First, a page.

Wednesday, 25 July 2012

London Open Mic Poetry Night

Local poet Stan Burfield and friends have recently announced a new reading series to commence this fall here in London, Ontario. This will be a more accessible series than what's available for aspiring participants and fills the need here in town for "ordinary poets" to have a public place to share their work. London is already serviced with a successful, dedicated CanLit series of award-winning, national poets stopping by on tour, and with an extremely popular Poetry Slam series, but for years has not had a regular, monthly event where LONDON versifiers can have an audience to hear them read. The series is slated to occur on the last Thursday of the month at a venue to be announced. Each month will have a featured poet and then a generous open mic portion -- great news for all who want to see poetry thrive in the Forest City.

Check out their Facebook Page if you get the chance ...

http://www.facebook.com/LondonOpenMicPoetryNight


Thursday, 19 July 2012

Katherine L. Gordon's Review of Garden Sunrise

Review by Katherine L. Gordon, poet, publisher & literary reviewer:

Garden Sunrise
By Andreas Gripp
Harmonia Press, London, Ontario.
21 pages, $5.00  ISBN: 978-0-9865996-6-8
available from www.andreasgripp.com


With a cover like a stained-glass mosaic, lucid with sun and leaves, Andreas Gripp preserves a “Garden Sunrise” for us as a talisman of the sweets of summer, to hold for all seasons.

This is a gentle balm of verses, no prophecies or edicts, no commentaries on our frail condition, just a lovely flow of sweet green visions to comfort us as a gentle summer rain, to wash away all care and leave us with grassy barefoot dreams, “a mirroring of Sol, / its orb and crown / of calm.”

Here is a union with all earthling friends of the garden, all the visiting birds and small creatures who decorate the shrubs and path with their gentle presence. Andreas Gripp has posed a question we must all wonder at times: bird song in the morning may be serious chatter – he calms and compliments them with a Bach symphony “to brighten their day in a break from breakfast gossip” in his wistful, whimsical poem Garden Sunrise.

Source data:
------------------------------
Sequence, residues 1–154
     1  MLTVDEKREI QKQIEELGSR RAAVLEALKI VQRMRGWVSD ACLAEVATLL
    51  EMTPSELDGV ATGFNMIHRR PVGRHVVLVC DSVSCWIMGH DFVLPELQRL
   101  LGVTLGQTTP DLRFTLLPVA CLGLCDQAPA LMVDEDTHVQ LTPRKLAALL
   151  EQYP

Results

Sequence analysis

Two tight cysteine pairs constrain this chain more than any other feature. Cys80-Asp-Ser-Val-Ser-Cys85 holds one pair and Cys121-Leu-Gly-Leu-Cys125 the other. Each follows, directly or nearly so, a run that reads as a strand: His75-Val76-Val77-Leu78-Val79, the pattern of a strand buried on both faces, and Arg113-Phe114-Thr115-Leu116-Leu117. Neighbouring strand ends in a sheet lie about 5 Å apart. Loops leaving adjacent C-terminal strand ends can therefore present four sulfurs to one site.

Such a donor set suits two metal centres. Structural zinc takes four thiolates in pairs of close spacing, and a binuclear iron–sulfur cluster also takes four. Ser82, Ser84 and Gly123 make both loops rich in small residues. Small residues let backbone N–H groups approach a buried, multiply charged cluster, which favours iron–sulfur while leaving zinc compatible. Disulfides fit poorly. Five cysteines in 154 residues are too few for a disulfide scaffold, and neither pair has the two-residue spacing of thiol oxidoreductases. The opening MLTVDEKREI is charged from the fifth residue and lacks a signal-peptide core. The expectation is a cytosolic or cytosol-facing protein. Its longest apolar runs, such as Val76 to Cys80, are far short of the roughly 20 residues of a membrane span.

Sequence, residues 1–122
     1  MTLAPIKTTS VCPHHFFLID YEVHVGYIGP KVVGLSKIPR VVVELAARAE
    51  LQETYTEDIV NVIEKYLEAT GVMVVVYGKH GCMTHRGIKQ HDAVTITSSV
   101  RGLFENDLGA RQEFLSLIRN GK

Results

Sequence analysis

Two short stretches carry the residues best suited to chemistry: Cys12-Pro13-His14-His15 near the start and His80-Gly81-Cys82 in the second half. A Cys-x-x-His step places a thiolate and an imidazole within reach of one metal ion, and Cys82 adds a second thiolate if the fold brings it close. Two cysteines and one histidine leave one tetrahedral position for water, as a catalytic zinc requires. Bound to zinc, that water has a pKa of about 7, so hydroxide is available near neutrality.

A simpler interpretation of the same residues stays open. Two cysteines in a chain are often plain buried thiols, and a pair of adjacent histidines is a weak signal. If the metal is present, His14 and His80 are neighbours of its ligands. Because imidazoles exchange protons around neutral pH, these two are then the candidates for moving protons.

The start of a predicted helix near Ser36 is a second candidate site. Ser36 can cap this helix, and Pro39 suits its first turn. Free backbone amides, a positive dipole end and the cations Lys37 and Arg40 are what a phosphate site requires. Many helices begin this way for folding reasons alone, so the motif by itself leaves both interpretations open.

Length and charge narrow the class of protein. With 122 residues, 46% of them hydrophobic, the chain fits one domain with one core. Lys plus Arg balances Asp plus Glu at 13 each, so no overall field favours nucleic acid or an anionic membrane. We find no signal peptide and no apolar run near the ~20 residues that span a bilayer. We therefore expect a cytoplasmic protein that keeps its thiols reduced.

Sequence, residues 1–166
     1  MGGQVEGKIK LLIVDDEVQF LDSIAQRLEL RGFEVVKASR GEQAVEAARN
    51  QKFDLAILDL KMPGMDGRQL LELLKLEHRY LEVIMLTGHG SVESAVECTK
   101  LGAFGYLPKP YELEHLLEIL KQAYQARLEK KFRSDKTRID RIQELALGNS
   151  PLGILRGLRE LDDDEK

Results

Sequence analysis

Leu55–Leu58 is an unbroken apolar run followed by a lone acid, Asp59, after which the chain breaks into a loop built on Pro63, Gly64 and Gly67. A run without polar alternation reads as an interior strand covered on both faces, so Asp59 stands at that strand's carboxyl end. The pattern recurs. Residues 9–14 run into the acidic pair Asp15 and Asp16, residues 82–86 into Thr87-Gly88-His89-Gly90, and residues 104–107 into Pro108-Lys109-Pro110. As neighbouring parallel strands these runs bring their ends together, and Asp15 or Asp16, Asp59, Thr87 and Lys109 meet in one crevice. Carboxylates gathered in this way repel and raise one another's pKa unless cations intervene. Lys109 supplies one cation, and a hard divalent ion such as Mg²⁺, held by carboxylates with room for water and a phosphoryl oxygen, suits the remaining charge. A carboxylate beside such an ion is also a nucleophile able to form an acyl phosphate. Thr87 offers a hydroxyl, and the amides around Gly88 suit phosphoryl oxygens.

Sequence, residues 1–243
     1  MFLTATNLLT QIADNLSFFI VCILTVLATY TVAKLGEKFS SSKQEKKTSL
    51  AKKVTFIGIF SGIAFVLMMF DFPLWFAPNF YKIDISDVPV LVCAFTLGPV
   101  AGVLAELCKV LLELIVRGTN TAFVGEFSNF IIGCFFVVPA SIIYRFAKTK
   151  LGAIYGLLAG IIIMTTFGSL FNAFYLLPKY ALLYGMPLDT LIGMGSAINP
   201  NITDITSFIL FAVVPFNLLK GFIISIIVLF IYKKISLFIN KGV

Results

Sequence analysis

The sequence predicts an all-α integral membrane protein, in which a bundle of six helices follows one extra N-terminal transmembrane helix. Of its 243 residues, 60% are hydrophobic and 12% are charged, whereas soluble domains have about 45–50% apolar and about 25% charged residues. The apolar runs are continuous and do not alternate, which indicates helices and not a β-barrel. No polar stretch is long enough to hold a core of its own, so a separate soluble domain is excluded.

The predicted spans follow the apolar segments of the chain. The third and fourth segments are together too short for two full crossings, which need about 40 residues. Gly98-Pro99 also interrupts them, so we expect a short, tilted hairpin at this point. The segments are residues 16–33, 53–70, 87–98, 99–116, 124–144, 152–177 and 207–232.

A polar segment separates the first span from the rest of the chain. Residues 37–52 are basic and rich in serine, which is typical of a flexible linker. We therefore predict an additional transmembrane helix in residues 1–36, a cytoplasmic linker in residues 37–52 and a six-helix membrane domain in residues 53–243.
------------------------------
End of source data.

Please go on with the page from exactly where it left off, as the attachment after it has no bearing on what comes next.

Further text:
For the day I bring you is a love poem born of dreams and longing, a planned path adorned to court a lady who may appear during “its blossoming into more.”

Those who dream or dwell in summer gardens will love the grace and beauty of this sojourn. Language, verse and image flow gently as a quiet stream of the season, allowing us “their beloved fruit / they’ve held so tightly.”

Pack it in your summer picnic bag, carry it through the colours of autumn, it will light your winter hours with remembered whispers of idyllic moments.


Katherine L. Gordon, Summer 2012.




Thursday, 12 July 2012

Apocrypha


Write a love psalm to the Goddess,
and watch how fast
they damn you.
Say God’s not bound
to gender,
and anathema will be
your name.
Say our blood
shares the warmth
of the shrew’s,
that foxes, elephants, weep,
that a chimp
isn’t guessing
when it’s right,
and to outer darkness
you’re cast.

Tell them that a Book
is only a book,
that saying so
doesn’t belittle
its worth,
that truth is fluid,
ever-moving,
never carved
on slabs of stone.
They’ll bar you
from gates of pearls,
assign them a flaming
seraph.

Now, in a whisper,
tell the woman you adore
she’s more beautiful
than the angels;
that the path of dirt
you walked on, together,
far better than roads of gold.
That if she’ll spend
a starry night
in your waiting-to-embrace-her
arms,
she may even love you back.
She may even let you kiss her.
She may even lie on the bed,
in eternal, restful pose,
allowing you to paint her,
or better still, to write a poem of her,
and of you and your misplaced gods;

and she might also watch and laugh
as you fold it in an envelope,
for mailing to a
publisher,
one who surely knows
to never print such dross
and drivel;
and she’ll hope you come to your
senses, take it out
before it’s stamped,

and turn it into a plane
you can sail
in a summer’s day,

a wind from the west
to whisk it on a journey
more pleasant, meaningful,
less stressful for your mind,

never having to worry
where it lands.



Andreas Gripp